Several pieces of the New Testament have been discovered recently, that when properly vetted will comprise the oldest New Testament fragment of the Bible, and the earliest copies of several Pauline letters. The discovery of these ancient documents is exciting enough for anyone interested in ancient artifacts and Bible history, but this particular story is shaping up to be the New Testament equivalent of the Dead Sea Scrolls, which broke the record of the oldest surviving copies of Old Testament manuscripts by 900 years. In so doing they demonstrated very clearly the precision of ancient scribes in handing down the original text. (The methods used by scribes, particularly the Masoretes, will be covered in a future post—suffice it to say these people were extremely meticulous in quality control, and the Dead Sea Scrolls proved just how effective their methods were.)
Paper deteriorates over time due to chemical reactions with the atmosphere. This is particularly true of ancient papyrus, parchment and vellum, although there are tens of thousands of surviving specimens. When it comes to the Bible, there are far more documented copies than for any other ancient text. But the fact remains we do not have the original Biblical manuscripts—we only have copies.
Many skeptics have tried to prove that the Scriptures were changed—and therefore corrupted—as they were copied over time. In fact, even Josh McDowell set out many years ago to make an “intellectual joke” of Christianity by undermining the authority of the Scriptures. Working with this intention, Josh had two main questions on which he focused his research:
- Is what we have today in the Bible what was written down 2,000 years ago, and
- Was what was written down true?
Eventually Josh McDowell said, “I came to the conclusion that I can hold the Bible in my hand and say it is the word of God, it is true, and it is accurate historically.” His research is documented in a foundational work entitled New Evidence That Demands a Verdict.
“Textual criticism” is the discipline that attempts to determine the original wording of any document whose original no longer exists. Never heard of textual criticism? Sounds pretty boring doesn’t it? Turns out it is a big deal. A very big deal.
There are those who purport that the Bible was so corrupted by changes during the copying process over time that we no longer have reliable copies of the original documents. The implication is that if the text is corrupt, we can’t trust the Bible. And it would be hard to argue that point if in fact the Bible had been substantively corrupted in its transcription. We would then be left at best to make our own determinations about what parts are genuine and what parts we could or should overlook. (Actually, there are a lot of people doing that anyway—without thinking about textual corruption—but that’s another matter.)
But a main contention of this blog is that the Bible can stand up to scrutiny, so bring it on.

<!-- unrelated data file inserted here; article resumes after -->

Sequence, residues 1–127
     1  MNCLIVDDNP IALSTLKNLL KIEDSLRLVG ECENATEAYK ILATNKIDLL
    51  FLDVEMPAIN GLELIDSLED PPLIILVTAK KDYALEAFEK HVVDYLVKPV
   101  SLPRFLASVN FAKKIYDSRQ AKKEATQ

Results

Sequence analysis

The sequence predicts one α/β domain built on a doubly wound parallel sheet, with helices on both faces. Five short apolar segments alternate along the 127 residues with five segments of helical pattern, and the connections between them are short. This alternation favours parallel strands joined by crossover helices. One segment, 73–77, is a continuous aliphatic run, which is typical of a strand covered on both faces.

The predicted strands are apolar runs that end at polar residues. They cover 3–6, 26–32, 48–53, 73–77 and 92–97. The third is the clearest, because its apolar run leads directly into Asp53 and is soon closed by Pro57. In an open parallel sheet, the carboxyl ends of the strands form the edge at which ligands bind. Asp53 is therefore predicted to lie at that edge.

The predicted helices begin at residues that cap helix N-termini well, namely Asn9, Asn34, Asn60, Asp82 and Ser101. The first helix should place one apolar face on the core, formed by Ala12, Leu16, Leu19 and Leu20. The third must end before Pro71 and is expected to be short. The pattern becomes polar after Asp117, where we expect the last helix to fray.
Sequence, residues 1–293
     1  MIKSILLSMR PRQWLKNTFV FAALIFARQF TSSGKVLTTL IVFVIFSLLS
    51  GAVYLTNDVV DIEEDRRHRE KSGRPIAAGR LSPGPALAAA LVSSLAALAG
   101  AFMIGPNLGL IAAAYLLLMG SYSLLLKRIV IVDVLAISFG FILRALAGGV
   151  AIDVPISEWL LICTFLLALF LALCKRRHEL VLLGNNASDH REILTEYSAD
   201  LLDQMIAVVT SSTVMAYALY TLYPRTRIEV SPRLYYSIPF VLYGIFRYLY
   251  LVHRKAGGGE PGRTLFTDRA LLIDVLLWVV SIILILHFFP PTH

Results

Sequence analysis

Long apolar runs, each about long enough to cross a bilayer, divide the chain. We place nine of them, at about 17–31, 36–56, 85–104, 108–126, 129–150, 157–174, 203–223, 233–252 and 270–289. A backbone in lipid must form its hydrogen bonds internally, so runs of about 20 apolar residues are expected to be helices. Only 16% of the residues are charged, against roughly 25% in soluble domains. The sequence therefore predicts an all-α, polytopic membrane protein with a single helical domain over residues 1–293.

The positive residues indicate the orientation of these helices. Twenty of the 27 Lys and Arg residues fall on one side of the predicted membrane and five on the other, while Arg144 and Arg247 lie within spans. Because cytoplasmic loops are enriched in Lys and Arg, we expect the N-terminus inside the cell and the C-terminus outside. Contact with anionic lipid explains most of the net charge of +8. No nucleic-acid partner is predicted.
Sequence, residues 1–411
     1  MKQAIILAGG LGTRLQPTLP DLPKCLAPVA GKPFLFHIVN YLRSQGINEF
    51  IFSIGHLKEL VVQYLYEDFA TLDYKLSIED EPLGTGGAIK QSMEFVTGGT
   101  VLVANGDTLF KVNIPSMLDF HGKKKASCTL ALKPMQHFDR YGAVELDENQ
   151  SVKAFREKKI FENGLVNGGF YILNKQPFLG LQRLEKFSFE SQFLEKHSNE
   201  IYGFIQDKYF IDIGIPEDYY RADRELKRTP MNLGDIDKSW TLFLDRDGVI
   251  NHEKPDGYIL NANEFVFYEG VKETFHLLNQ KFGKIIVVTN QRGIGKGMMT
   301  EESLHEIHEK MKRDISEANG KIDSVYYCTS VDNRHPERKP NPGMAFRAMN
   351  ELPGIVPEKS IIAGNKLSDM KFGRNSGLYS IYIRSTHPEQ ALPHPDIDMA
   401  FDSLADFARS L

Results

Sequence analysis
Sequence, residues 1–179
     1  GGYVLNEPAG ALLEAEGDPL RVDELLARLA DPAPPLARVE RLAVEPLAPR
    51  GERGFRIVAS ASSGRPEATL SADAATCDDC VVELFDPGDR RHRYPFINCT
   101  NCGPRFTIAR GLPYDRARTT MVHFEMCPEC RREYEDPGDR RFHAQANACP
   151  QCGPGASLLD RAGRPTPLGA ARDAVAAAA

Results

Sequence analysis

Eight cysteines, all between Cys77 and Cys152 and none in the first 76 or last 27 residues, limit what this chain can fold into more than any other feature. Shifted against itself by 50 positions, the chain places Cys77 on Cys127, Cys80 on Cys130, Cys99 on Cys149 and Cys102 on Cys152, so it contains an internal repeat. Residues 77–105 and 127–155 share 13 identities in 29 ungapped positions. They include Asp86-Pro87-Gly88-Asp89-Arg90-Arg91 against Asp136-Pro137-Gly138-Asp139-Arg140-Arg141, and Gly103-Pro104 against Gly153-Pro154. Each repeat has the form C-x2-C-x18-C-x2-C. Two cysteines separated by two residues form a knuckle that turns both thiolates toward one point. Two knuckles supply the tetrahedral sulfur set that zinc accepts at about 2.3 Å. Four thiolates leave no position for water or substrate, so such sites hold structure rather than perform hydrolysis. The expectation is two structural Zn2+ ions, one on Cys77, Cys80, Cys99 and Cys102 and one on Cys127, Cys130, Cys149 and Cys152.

Let’s start with the obvious: there are problems with our current Bibles. Pick up a copy of the New International Version or English Standard Version, both meticulous translations, and you will find notes like these:
- “The earliest manuscripts and some other ancient witnesses do not have verses 9–20” (Mark, Chapter 16), and
- “The earliest manuscripts and many other ancient witnesses do not have John 7:53—8:11. A few manuscripts include these verses, wholly or in part, after John 7:36, John 21:25, Luke 21:38 or Luke 24:53.”
In attempting to produce the most accurate text, the translating committees and publishers took the most reliable ancient (mostly Greek) texts to translate from among many copies, which did not settle the matter of the definitive text in these two instances. But these are minor problems, and they don’t negate the original message of the entirety of Scripture. You can argue that these passages should be cut from the Bible, but nothing would be changed or lost by such deletions.
But before taking liberties with scissors, meet Dr. Daniel B. Wallace and the Center for the Study of New Testament Manuscripts. Dr. Wallace and his colleagues have spent decades studying ancient manuscripts. They have developed intricate systems for comparing texts, and have some interesting conclusions about the accuracy of the Bibles we possess in the 21st century. You might be very surprised at their take on textual criticism, and its value in defending the veracity of Scripture. The Day of Discovery folks recently produced a three-part documentary on their work.
With that bit of introduction, read about Dr. Wallace’s exciting discoveries and all the press his work is generating. He has a lot to say about the accuracy of the Bible. He can quantify the textual variants, and you might be surprised to see how insignificant most of them are. And how they resolve discrepancies between manuscripts. Fortunately there’s a lot of evidence to work with in the thousands of manuscripts that are now catalogued. You might also be interested to discover how the correct text can be determined from the volume of copies. Don’t miss the radio interview in which he describes what is going on with the new discoveries and why he can’t rush to publish. It’s important to get it right. And that’s the point of this post.